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For both diplomats and scientists, science diplomacy has become an important topic and practice. It is discussed as an important contribution to solving some of the most pressing global challenges of our time, such as climate change and the global pandemic. At the same time, science diplomacy is a contested concept and practice. It can mean a number of different, sometimes contradictory things, to various actors.

Beyond these divergences, many actors can greatly benefit from the tools and knowledge science diplomacy has to offer. Broadly speaking, it can help diplomats and scientists to reframe their work in useful ways to enable greater collaboration across boundaries. An example of this is ​​‘boundary spanning’, i.e. bridging the policy and the scientific spheres to facilitate research and increase policy impact.

If we agree that science diplomacy has the potential to be an extremely useful practice and concept, the question of capacity development in science diplomacy comes into an even sharper focus. We now need to ask:

  • How can various actors be enabled to benefit from what science diplomacy has to offer?
  • What content and what form should capacity development take?
  • How do we ensure that capacity development in science diplomacy has a longer-term impact and allows participants to become active shapers of policies and processes in their chosen fields?

For this discussion, we draw on the joint experiences of our speakers from the Geneva Science and Diplomacy Anticipator (GESDA) and the Geneva Science-Policy Interface (GSPI), and the experience of jointly working on and delivering the first Science Diplomacy Week, as well as Diplo’s Science Diplomacy online course.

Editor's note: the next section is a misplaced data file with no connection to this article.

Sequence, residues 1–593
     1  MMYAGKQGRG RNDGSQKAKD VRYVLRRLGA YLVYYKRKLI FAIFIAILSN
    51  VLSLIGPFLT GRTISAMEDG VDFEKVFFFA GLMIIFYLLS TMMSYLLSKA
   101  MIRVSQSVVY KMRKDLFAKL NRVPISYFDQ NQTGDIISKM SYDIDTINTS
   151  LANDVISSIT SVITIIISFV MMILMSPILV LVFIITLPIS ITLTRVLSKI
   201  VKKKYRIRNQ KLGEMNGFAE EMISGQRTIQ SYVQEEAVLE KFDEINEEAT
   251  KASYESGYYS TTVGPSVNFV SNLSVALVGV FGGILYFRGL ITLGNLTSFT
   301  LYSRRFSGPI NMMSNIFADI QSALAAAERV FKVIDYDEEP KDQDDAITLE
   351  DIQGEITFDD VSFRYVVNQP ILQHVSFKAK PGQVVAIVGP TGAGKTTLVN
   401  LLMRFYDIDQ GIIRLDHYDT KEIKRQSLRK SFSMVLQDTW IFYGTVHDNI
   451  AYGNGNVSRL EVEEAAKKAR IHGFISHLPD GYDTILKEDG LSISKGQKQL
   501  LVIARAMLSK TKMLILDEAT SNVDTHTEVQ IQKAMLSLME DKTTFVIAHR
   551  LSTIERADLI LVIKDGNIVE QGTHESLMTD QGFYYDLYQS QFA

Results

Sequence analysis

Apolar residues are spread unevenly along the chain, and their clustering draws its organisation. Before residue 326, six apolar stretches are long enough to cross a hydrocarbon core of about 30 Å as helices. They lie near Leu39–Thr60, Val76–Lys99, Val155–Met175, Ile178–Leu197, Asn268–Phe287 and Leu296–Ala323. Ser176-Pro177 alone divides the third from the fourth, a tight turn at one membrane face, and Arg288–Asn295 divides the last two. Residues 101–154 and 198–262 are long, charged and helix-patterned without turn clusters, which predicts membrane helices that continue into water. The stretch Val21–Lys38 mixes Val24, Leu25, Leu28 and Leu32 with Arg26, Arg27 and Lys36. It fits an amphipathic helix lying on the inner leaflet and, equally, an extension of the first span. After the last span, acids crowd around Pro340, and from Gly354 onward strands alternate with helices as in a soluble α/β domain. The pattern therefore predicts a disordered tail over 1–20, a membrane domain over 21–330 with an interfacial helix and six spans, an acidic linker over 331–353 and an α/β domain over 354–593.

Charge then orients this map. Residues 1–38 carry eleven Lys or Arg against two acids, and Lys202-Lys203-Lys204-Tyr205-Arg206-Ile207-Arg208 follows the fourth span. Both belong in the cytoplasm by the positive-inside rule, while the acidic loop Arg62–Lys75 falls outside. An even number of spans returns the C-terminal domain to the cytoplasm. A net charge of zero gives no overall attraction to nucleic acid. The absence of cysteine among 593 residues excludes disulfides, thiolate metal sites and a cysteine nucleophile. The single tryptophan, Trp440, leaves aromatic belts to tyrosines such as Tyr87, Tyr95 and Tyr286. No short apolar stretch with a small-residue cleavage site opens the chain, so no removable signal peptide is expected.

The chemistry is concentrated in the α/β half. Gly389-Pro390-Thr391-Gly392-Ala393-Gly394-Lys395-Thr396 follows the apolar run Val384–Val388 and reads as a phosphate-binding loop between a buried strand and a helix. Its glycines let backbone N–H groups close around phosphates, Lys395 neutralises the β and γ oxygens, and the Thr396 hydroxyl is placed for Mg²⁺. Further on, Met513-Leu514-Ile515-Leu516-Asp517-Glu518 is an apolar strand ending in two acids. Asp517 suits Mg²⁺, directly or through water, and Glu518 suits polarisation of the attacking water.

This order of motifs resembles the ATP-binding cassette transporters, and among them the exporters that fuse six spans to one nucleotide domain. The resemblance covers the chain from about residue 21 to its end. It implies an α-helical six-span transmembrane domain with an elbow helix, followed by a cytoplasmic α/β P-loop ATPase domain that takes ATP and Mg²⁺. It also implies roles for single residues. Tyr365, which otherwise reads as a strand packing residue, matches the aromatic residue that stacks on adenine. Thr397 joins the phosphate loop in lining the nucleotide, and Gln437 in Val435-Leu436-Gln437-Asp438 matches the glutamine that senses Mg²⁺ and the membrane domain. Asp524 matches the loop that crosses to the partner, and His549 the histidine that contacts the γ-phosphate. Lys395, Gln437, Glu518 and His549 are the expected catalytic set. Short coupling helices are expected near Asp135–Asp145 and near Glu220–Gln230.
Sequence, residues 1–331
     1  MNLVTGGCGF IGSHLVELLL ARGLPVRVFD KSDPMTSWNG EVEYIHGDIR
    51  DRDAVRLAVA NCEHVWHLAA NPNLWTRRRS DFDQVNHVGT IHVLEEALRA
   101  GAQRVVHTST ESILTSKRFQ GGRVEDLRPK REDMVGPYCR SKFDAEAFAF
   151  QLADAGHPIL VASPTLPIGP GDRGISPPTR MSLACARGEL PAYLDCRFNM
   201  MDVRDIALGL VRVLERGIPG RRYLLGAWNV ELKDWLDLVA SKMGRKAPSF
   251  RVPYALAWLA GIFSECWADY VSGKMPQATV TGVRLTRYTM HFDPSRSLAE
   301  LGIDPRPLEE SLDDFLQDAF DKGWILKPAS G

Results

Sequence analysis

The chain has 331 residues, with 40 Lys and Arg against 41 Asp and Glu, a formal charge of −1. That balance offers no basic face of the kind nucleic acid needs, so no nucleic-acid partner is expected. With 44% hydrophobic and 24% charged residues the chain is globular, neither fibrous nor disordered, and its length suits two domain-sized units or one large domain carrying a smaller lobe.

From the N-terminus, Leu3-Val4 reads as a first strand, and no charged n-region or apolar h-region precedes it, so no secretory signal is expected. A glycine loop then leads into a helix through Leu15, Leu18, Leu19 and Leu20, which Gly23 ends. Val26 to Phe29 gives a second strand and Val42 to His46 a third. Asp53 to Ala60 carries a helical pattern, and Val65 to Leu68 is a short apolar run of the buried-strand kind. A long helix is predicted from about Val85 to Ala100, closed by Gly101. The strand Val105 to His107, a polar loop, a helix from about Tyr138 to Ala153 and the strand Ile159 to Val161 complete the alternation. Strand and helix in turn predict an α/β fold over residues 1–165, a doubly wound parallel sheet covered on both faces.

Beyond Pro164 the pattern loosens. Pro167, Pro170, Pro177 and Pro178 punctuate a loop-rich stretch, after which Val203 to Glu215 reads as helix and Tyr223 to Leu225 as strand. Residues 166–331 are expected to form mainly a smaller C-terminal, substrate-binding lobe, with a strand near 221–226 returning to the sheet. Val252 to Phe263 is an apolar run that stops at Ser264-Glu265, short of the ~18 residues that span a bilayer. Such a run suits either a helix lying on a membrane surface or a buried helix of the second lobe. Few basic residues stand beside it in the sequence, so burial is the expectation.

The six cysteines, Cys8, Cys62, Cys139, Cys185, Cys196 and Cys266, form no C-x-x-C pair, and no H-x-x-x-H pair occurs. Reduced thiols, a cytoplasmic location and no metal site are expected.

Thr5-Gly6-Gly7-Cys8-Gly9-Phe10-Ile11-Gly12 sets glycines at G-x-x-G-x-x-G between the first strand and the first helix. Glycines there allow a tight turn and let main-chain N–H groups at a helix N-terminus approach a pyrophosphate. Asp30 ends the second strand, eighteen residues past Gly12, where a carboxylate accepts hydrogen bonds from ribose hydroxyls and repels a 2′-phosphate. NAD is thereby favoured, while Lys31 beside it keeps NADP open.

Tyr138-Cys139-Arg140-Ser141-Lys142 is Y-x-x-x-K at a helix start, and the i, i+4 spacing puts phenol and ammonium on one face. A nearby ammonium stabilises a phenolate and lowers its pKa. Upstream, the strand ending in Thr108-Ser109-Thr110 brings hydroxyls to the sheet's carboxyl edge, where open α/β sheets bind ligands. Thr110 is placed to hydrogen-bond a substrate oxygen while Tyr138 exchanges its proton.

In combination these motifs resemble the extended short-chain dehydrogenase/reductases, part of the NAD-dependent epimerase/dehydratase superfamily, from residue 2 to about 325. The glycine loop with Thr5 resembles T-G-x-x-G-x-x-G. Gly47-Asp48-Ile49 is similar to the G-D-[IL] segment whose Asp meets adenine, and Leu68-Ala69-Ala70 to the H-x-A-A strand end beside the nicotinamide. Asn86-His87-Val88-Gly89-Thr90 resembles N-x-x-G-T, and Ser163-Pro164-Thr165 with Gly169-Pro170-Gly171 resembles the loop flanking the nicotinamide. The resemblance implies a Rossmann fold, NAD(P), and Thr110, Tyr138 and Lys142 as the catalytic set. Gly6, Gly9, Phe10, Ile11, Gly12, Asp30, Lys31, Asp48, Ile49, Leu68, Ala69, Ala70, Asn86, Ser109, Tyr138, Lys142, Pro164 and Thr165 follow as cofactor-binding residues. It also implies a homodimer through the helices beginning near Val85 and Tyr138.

Join us on Thursday, 14th July, at 13:00 UTC (09:00 EDT | 15:00 CEST | 21:00 CST).


Dr Marga Gual Soler is a science diplomacy expert and founder of SciDipGLOBAL, a purpose-driven advisory, consulting, research, and training firm dedicated to building bridges between science, technology, and global policy. She is a senior advisor to the Geneva Science Diplomacy Anticipator (GESDA), founding member of the EU Science Diplomacy Alliance, and visiting professor at the National Autonomous University of Mexico (UNAM).

Mr Nicolas Seidler is the executive director of the Geneva Science-Policy Interface (GSPI). He leads the GSPI’s mission to enhance scientific engagement with global governance actors within the Geneva ecosystem, with the objective to facilitate the emergence of effective, evidence-informed policies and solutions to complex global problems.

Mr Maxime Stauffer is co-founder and chief executive officer of the Simon Institute for Longterm Governance. His work focuses on the governance of low-probability, high-impact risks from emerging technologies and on the representation of future generations in policy processes. Previously, he was a senior science-policy officer at the Geneva Science-Policy Interface and a research fellow at the Global Studies Institute.

Dr Vid Nukala currently works at EMBO. He previously worked at the Office of Global Affairs (U.S. Department of Health & Human Services, US Embassy), the Wellcome Trust/DBT India Alliance, the Institute for Alternative Futures, and the Indo-U.S. Science & Technology Forum. Nukala is interested in biomedical science, technology and innovation, global health, ethics, policy, diplomacy, and community engagement.


Dr Katharina E. Höne (Director of Research, Diplo)

About our WebDebates series

 Our WebDebates on the future of diplomacy are live-streamed on the first Tuesday of every month. They are organised by Diplo within the framework of the International Forum on Diplomatic Training (IFDT). Learn more about our WebDebates series.